Mae West: Glamour Collection
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Smart, seductive and undeniably funny, Mae West is one of cinema's most enduring comedy legends. Now this larger-than-life buxom beauty charms fans all over again in an amazing 5-movie collection of some of her most wildly popular films.Revel in Mae's breakout performance in Night After Night; join her as a bewitching lion (and man) tamer in I'm No Angel; lasso up some fun with the wealthy and the wicked in the rags-to-riches tale of Goin' To Town; delight in a comic country romance in Go West Young Man; and see how wild the West can really get in My Little Chickadee. It's a must-own salute to one of Hollywood's most outrageous and hilarious leading ladies.
The triumph of personality is beautifully demonstrated in Mae West: The Glamour Collection, a bundle of five comedies featuring the never duplicated (if often imitated) Ms. West. Never altering her insouciant, sexed-up persona, Mae West sashays through these films like a tour guide in a well-lit bordello, cheerfully cracking herself up with a series of perfectly-timed one-liners. Since she wrote her own material, there was no separation between the lady (what a feeble word) and her scandalous dialogue.
If you doubt this, check out Night After Night, her film debut. The first half of the picture is an unremarkable gangster comedy: George Raft in his usual inert form, Constance Cummings the good girl, capable comic support from Roscoe Karns and Alison Skipworth. Then West blowses in, and it's all over. Within a minute she's tossed off an eternal signature line (hatcheck girl: "Goodness, what beautiful diamonds." West: "Goodness had nothin' to do with it, dearie") and disrupted the high-class aims of gangster Raft. The other actors look agog at this unapologetic force of libido. Watching this, you might recall the first time you ever saw Groucho Marx or Bill Murray on film--the movie itself disappears, replaced by gratitude that someone like this exists.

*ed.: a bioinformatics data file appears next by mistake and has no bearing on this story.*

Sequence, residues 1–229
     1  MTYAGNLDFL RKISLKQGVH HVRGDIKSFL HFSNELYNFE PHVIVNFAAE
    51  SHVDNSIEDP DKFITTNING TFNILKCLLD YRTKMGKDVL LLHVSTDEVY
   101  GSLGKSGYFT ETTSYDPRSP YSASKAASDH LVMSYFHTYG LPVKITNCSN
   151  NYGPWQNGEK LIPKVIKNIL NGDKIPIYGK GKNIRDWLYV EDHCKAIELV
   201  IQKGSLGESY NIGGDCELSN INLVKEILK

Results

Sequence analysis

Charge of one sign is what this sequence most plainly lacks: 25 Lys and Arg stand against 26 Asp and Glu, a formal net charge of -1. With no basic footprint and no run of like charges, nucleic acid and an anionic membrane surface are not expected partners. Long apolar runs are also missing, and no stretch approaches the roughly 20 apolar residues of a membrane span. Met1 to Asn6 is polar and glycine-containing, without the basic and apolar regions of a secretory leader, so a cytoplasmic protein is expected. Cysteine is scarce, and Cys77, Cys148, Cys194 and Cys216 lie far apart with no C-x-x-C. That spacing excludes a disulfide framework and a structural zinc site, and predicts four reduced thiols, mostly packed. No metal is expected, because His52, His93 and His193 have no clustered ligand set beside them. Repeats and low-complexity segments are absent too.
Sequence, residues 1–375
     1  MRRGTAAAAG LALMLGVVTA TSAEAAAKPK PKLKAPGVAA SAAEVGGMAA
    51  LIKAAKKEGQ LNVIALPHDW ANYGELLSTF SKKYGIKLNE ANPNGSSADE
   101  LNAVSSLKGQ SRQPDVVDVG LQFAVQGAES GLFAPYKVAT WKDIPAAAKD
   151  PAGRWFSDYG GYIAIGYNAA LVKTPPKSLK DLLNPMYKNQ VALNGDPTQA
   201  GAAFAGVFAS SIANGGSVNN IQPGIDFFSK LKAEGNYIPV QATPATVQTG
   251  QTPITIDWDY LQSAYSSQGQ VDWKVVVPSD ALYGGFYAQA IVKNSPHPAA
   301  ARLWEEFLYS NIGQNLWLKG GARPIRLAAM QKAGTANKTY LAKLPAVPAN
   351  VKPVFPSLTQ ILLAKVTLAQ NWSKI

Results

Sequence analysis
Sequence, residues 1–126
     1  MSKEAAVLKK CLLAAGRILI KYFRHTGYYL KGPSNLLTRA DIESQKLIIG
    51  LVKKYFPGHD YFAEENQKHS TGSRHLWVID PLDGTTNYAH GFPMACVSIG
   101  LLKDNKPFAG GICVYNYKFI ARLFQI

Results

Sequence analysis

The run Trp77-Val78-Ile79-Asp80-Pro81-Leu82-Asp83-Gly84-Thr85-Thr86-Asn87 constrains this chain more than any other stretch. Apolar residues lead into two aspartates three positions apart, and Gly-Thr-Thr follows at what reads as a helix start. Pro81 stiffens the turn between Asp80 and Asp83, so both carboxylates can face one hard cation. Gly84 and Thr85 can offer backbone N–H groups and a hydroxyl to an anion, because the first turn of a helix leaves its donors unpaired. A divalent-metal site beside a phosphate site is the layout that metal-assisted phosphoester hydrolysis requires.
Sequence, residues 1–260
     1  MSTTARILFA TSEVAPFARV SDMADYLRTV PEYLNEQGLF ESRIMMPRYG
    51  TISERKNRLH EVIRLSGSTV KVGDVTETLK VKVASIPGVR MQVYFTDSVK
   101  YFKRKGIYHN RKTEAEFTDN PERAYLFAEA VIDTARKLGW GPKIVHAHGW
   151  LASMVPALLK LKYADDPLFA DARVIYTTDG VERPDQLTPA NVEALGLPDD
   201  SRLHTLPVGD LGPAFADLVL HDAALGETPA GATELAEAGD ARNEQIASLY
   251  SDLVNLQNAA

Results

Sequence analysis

I'm No Angel followed her first starring vehicle (She Done Him Wrong, not included here), and its lunatic plot--Mae as a lion tamer taken up by New York society--does nothing to slow the barrage of sexual innuendo. West hums her way through the film with the kind of confidence that must have inspired countless fans to try something disreputable. Cary Grant is the bemused recipient of West's attention. Goin' to Town is nearly as good, as dance-hall gal Mae inherits an oil fortune, then sets her cap for the haughty Englishman working on her, uh, wells. West's style is undiminished (she was in her mid-forties already), although by this time the Production Code--concocted in part as a horrified response to her first films--was trimming her entendres.
Tamer still is the tongue-in-cheek Go West Young Man, although the spectacle of West (playing a "temperamental" movie star) leering after hunky Randolph Scott is pleasant. My Little Chickadee, made at Universal after her run at Paramount ended, is the legendary pairing with W.C. Fields. It's full of great bon mots from both drawlers, even if the sum is less than its parts. Disapproving Margaret Hamilton tells Fields of West, "I'm afraid I can't say anything good about her." Fields replies, "I can see what's good, tell me the rest." These five films are a good introduction to the rest. Beulah, peel me a grape. --Robert Horton